Stepping Beyond Tea: Japanese Wagashi Comes to America!
In 1191, Monk Myoan Eisai brought Zen Buddhism to Japan, and along with it a fine green powder he claimed could prolong youth. Thanks to the recent explosion of green tea’s popularity, many Americans now know that this mysterious green powder is called matcha: a silky smooth powder that produces a frothy, rich, and deeply flavorful cup of tea. Fewer Americans, however, know about matcha’s culinary companion, wagashi. But thanks to a local partnership between a DC tea shop and a venerated Japanese wagashi shop, many Washingtonians are getting their first taste of this traditional Japanese confection.
In Japan, the drinking of tea is likened to an aesthetic religion; generations of tea masters have dedicated their lives to discovering the precise steeping process and pairings that perfectly accentuate the flavors of tea. This is how the gem-like confections known as wagashi were born. Wagashi are small, sweet cakes that are traditionally served alongside tea.
Wagashi’s simple sweetness tempers the tartness of tea –and of life in general– for a matter of moments. Wagashi are created precisely to be fleeting moments of comfort and peace. Most traditions related to wagashi were born in Japan’s Tokugawa period during a rare couple of centuries deemed “The Great Peace.” During this period, wagashi artisans sought to preserve this ephemeral moment of national calm by infusing it lovingly into the sweets of the time. Even today, only the highest masters of the art — those able to enter into a meditative state of composure — can put the finishing touches on the finest of these confections, without exposing them to strong emotions which would result overly harsh colors.
Wagashi, like the tea ceremony itself, places an emphasis on seasonality. Every lavish detail is designed to transport you, through each of your senses, to a meticulously fabricated microcosm of time and nature. For instance, in the spring, a popular wagashi is Sakura Mochi: a sweetbean-centered pink mochi (pounded sticky rice) that is gracefully swaddled within a cherry blossom leaf. The texture of this sweet hardens quickly and therefore must be eaten promptly after it is made, providing a reminder of the passage of time as you enjoy an earthy cup of tea.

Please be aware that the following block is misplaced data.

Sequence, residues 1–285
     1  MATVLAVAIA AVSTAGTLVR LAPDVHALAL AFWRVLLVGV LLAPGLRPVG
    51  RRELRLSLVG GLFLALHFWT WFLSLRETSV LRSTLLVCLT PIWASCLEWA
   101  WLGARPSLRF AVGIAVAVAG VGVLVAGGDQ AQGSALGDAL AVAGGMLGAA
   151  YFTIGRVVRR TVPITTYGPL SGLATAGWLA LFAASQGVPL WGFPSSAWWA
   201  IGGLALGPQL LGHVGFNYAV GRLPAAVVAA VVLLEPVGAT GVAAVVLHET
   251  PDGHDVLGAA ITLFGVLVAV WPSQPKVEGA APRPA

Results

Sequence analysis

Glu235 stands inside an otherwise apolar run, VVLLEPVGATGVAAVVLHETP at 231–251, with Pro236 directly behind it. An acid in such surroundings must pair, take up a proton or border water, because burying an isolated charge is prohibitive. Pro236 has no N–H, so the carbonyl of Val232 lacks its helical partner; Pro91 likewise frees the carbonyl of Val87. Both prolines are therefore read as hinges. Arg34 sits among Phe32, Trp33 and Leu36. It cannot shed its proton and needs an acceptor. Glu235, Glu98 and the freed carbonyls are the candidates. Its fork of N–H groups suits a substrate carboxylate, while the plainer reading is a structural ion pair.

Despite the wide popularity of matcha in the West, until quite recently, this sort of freshly prepared wagashi has been difficult to find outside of Japan. Today, however, there are a number of traditional Japanese wagashi crafters beginning to set up shop alongside local tea houses in the United States. One of these partnerships is between Teaism, a popular chain of tea houses based in Washington, DC, and Matsukawaya, a venerated Wagashi shop from Nagoya.
Wagashi and Tea: A Partnership with Potential
The night before the 2017 “Sakura Matsuri” street festival, the chefs of Matsukawaya spread their tools out on the double beds of their Washington hotel room, meticulously crafting thousands of delicate treasures. They worked late into the night making sure that their Wagashi were incredibly fresh, because the next day’s festival would be the first chance that hundreds of Americans would have to try their award-winning work.
On the blustery day of the festival Mr. Yoshitaka Nishino, the President of Matsukawaya, was nervous about how the traditional confections — so steeped in Japanese culture — would be received in America. But immediately visitors began to crowd around their booth. Throughout the day, the line never seemed to shorten and when the last wagashi was sold, the surrounding crowd cheered for Matsukawaya’s inspirational team.
Mr. Nishino came to the United States to demonstrate the elements of traditional Japanese culture that are deeply important to him and his company, and the sturdiness of his company’s first step into the market, its subsequent residence at Teaism’s Penn Quarter shop, and wildly popular wagashi demonstrations (including those held at the Japan Information & Culture Center) proves that there is an ‘appetite’ for that approach.
“Of course, the growing interest in wagashi isn’t an isolated phenomon,” remarked the Embassy of Japan’s Public Affairs Counselor Mitsue Morita. “The more recent commercial successes of Japanese sushi, green tea, sake and textiles have paved the way for other Japanese companies to seriously consider how they can bring more traditional goods to the US market. When I hear the stories about how quickly wagashi has attracted a group of dedicated and knowledgeable fans here in Washington DC, I know it can work for other products as well!”
This could be great news for Americans who don’t want to travel to Japan to get their favorite products, or those who want to learn more about the cultures that surround the traditions they’re already familiar with. The busy residents of Washington DC are already getting a taste of that future when they step into the honey-colored walls of Teaism’s Penn Quarter shop to enjoy a simple cup of tea accompanied by a Matsukawaya sweetbean cake: As Mr. Nishio sees it, “when you eat sweets you can’t be angry. Your heart softens. And out of this experience, all kinds of new conversations and connections are born.”